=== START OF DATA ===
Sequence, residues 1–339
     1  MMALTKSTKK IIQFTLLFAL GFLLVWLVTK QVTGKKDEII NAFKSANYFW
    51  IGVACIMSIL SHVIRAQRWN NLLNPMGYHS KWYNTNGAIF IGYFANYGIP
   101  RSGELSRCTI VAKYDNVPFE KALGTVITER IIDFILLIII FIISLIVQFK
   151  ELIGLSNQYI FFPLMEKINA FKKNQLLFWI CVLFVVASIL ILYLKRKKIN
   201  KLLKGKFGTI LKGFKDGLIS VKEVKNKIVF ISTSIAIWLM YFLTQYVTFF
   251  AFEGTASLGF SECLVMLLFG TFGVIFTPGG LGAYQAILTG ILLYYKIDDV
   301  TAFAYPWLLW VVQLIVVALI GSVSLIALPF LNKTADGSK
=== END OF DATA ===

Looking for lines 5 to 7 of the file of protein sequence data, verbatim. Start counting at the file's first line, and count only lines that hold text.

   151  ELIGLSNQYI FFPLMEKINA FKKNQLLFWI CVLFVVASIL ILYLKRKKIN
   201  KLLKGKFGTI LKGFKDGLIS VKEVKNKIVF ISTSIAIWLM YFLTQYVTFF
   251  AFEGTASLGF SECLVMLLFG TFGVIFTPGG LGAYQAILTG ILLYYKIDDV